Unexpected Effects of Sony NEX

Having a Sony NEX camera (see my post about getting the NEX-6) has done for me what I hoped it would. I have a camera that I can fit in my coat pocket, that can take photos that are as good as I could take with my Nikon D90. Not in all situations, and not all the same types of photos, but it does 90% or more of what the Nikon did, without needing a backpack to carry it.

Spending time lurking on the DPReview Sony NEX forum has had one effect I didn’t expect, though. A sudden interest in old ‘legacy’ lenses. Adapters are available to mount lenses of the ‘wrong’ type on a few different cameras, but a couple of things make the NEX exceptionally good for this:

  • Short Flange-back Distance. The distance from the flange (the ring the lens mounts on to, on the front of the camera) to the actual sensor, is very short. The sensor is right there at the front of the camera. On a DSLR, there has to be room for the mirror between them, so it’s much further back. That means a DSLR lens is designed to be mounted further from the sensor. That extra space is, quite usefully, plenty of room for an adaptor to fit between the camera and the lens. With the right adaptor, it’s possible to fit almost any type of DSLR lens on the NEX.
  • Focus Peaking. This is an interesting feature that I haven’t seen anywhere other than the NEX. When you manually focus, it monitors for any areas of high contrast, which must be in focus, and highlights them in yellow (or red or white if you prefer). Because legacy lenses with adapters generally have to be focussed manually, this makes life much easier. Focussing on most small cameras, especially with only electronic viewfinder or screen, is difficult. The NEX makes things sparkle in yellow when they’re in focus, so it’s much easier.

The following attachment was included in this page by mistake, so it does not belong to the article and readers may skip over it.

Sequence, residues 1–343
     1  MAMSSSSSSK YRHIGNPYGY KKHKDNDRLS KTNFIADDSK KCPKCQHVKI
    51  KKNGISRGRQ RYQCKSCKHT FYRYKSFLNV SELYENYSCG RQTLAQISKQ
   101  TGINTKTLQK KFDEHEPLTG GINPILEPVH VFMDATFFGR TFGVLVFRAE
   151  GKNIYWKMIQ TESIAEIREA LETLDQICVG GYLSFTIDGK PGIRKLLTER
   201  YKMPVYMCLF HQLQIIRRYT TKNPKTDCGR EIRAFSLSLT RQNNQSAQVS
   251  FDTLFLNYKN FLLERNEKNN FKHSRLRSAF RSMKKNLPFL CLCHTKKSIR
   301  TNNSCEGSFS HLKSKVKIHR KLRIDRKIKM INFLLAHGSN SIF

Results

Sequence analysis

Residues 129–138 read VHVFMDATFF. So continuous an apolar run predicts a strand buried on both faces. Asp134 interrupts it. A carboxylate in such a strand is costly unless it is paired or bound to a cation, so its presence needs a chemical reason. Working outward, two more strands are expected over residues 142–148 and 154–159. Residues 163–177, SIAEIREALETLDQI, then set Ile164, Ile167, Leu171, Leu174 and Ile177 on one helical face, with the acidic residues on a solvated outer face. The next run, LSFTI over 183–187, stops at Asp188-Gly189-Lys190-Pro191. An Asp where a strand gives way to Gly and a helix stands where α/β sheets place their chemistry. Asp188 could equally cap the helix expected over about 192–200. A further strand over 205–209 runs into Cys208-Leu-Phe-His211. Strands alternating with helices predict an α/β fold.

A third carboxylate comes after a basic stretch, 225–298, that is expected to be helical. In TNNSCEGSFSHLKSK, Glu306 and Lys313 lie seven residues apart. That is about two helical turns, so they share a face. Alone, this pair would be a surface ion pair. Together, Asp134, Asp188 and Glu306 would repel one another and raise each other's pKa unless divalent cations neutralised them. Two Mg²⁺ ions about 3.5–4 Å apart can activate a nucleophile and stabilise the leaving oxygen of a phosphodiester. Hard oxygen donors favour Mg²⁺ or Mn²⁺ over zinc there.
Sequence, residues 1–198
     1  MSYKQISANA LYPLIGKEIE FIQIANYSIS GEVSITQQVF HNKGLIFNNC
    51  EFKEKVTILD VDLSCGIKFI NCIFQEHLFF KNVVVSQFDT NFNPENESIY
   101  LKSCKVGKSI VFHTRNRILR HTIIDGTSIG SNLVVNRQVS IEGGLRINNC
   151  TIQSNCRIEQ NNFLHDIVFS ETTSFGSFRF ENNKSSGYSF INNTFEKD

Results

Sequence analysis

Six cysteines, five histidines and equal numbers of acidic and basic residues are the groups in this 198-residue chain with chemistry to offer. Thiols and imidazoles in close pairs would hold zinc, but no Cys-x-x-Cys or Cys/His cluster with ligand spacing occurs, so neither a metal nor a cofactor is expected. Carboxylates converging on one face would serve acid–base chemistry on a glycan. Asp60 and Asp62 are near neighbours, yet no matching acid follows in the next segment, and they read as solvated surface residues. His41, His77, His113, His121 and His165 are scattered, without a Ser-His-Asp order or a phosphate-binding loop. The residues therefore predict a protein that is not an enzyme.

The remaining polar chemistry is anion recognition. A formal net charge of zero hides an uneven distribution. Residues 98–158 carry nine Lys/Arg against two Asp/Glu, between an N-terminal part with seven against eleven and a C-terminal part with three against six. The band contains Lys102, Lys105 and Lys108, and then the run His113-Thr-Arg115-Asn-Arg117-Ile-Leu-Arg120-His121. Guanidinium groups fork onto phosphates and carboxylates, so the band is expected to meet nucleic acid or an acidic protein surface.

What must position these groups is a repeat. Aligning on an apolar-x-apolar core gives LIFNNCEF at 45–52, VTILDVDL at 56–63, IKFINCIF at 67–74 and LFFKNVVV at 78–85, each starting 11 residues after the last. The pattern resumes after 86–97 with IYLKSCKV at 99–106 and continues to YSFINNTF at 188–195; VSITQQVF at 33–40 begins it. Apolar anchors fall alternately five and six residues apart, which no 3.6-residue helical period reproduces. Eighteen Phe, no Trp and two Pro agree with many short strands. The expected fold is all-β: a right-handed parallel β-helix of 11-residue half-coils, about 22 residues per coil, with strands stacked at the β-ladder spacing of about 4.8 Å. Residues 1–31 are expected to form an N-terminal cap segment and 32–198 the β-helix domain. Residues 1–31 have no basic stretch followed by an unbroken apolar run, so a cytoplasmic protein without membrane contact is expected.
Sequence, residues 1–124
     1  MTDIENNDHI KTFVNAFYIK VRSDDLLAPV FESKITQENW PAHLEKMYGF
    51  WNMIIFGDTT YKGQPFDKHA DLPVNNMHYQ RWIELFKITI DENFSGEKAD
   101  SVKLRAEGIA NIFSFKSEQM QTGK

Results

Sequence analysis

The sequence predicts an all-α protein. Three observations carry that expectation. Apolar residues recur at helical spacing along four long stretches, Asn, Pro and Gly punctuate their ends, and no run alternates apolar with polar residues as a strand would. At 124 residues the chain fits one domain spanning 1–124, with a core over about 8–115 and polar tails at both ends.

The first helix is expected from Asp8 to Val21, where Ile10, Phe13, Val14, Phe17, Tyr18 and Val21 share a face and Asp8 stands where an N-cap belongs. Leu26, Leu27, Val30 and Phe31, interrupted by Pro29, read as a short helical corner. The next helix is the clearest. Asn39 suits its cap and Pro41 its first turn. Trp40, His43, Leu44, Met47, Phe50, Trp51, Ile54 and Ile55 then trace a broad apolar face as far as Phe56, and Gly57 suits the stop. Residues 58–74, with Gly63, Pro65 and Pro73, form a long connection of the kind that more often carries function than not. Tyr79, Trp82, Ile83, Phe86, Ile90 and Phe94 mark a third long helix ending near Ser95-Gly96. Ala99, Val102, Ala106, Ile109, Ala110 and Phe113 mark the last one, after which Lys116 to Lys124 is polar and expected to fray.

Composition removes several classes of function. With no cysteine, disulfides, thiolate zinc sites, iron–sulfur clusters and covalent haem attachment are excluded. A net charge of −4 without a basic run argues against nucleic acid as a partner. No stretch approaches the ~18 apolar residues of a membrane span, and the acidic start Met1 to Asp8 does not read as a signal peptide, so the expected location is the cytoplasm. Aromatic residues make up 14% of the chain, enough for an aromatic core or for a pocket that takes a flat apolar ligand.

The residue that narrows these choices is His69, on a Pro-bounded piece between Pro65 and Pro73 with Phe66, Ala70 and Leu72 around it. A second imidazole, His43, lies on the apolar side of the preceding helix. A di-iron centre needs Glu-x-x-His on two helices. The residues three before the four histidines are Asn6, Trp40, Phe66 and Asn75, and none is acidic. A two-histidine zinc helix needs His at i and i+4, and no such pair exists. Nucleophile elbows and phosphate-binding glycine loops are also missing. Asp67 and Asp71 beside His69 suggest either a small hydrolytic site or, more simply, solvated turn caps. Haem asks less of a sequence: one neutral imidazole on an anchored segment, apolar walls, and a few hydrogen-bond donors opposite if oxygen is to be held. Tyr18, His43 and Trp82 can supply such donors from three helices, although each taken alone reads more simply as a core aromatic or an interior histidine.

So far, I have an adapter for my old Nikon lenses, which I’ve tested with my 35mm f1.8, 18-200 and my Lensbaby kit. All work well. It’s reasonably easy to get good focus, even with the 35mm wide open and quite close, with tiny depth of field. I’ve now started bidding on cheap old lenses of various types on eBay, and buying converters to mount them on the NEX. Old M42 screw-mount lenses look like great bargains, and a couple of cheap tatty ones should be on the way to me soon to play with.

I’m not convinced yet that I’ll want to use legacy lenses on the NEX most of the time, but it certainly seems like fun to try, and a great way of getting some useful lenses cheap.

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  1. Pingback: Vintage Lenses – Asahi Takumar vs Carl Zeiss Tessar | PigPog

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